07 January 2010

perhaps you should shut it sir

So Michael Chertoff wants us to use full body scanners in airports, supposedly to detect explosives and hidden weapons or what-not and then gets to decry "privacy advocates" as the obstacle to such invasive methods of examining people whose mere crime is that of wanting to get on board an airplane to visit grandma or Europe. I myself don't particularly care if they want to view or mangle my bits for this privilege. I imagine someone who travels more often by plane and has the misfortune to be an attractive female say between the age of 18 and 35 will mind. Or possibly a child's parents, given that the Brits are already banning such things for people under 18.

No, the real concern is this one: "A Conservative member of the British parliament who previously worked for a company making scanners said that “in all the testing that we undertook, it was unlikely that it would have picked up the current explosive devices being used by al-Qaida”—including those used in the Christmas plot." So our response to a security system and scrutiny that failed to prevent an event (save for the continued vigilant state of mind of other passengers) is to...put forward a new security system and form of scrutiny that won't work. Good plan that. And then there's the problem that you could always swallow explosives or conceal them in the rectum, which in neither case the body scanner will find them anyway, neither would a pat down. Obviously we will need to require full cavity searches at that point.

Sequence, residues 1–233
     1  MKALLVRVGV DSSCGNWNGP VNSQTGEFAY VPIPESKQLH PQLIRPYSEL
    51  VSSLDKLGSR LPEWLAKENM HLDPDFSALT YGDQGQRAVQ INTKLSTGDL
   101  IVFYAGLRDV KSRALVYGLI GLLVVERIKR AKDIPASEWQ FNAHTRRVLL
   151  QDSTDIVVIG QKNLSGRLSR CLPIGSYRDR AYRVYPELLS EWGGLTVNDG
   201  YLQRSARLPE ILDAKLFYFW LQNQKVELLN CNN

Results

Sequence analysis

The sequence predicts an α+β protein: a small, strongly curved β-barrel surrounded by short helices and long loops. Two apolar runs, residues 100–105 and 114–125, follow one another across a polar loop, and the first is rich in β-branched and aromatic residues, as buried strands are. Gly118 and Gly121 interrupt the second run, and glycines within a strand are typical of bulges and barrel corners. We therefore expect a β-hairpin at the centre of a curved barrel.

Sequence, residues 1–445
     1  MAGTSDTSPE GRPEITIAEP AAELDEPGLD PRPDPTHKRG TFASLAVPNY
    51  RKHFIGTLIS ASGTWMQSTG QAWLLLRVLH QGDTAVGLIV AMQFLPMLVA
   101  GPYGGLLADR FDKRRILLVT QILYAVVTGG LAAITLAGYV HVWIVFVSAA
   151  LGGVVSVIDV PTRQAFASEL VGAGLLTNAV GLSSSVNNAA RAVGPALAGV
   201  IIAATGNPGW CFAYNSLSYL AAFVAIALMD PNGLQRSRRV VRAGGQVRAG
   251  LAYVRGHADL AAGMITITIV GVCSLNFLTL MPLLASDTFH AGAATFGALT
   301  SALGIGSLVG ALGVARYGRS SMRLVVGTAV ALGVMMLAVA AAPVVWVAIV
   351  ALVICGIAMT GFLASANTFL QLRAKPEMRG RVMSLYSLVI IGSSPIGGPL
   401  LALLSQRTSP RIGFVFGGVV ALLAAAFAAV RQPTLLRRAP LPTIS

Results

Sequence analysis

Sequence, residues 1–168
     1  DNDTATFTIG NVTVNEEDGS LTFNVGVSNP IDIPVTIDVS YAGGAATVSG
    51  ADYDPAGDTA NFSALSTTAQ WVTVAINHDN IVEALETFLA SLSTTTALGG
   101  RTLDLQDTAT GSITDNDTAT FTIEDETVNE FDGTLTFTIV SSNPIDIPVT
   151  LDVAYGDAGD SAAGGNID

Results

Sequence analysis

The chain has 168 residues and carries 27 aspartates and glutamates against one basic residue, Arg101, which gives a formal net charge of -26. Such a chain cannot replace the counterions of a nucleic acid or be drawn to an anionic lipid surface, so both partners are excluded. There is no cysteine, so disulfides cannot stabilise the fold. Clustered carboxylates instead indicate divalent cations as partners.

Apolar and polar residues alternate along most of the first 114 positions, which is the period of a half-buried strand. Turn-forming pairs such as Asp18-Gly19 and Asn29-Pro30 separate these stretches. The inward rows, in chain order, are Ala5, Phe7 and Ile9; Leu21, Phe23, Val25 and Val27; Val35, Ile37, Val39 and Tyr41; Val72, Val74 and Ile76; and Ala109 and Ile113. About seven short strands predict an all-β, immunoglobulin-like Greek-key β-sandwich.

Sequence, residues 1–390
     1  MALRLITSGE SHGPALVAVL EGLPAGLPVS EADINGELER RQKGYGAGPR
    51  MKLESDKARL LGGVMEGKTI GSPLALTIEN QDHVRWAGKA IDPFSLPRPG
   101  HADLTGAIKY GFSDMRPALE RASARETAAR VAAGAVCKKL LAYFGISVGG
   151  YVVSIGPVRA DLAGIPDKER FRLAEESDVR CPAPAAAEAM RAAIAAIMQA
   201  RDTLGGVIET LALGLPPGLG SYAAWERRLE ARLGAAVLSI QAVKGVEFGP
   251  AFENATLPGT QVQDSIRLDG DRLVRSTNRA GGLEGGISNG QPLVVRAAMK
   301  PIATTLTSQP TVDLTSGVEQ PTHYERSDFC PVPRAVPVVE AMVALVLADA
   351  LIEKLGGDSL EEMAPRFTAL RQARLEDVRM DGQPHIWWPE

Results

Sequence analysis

Look, it seems to me that we have a system in place. It's supposed to work. It probably doesn't not because we have too little scrutiny and invasion of privacy but because we have too much and the system is stretched too thin. We have hundreds of thousands of people on these watch lists, millions if not billions of data points to connect for analysts. Simply put, someone should have raised the point a long time ago that there is a big difference between data mining and having good workable data for intelligence operations (which still amount to criminal investigations work, only we're seeking to have a preventive angle here).
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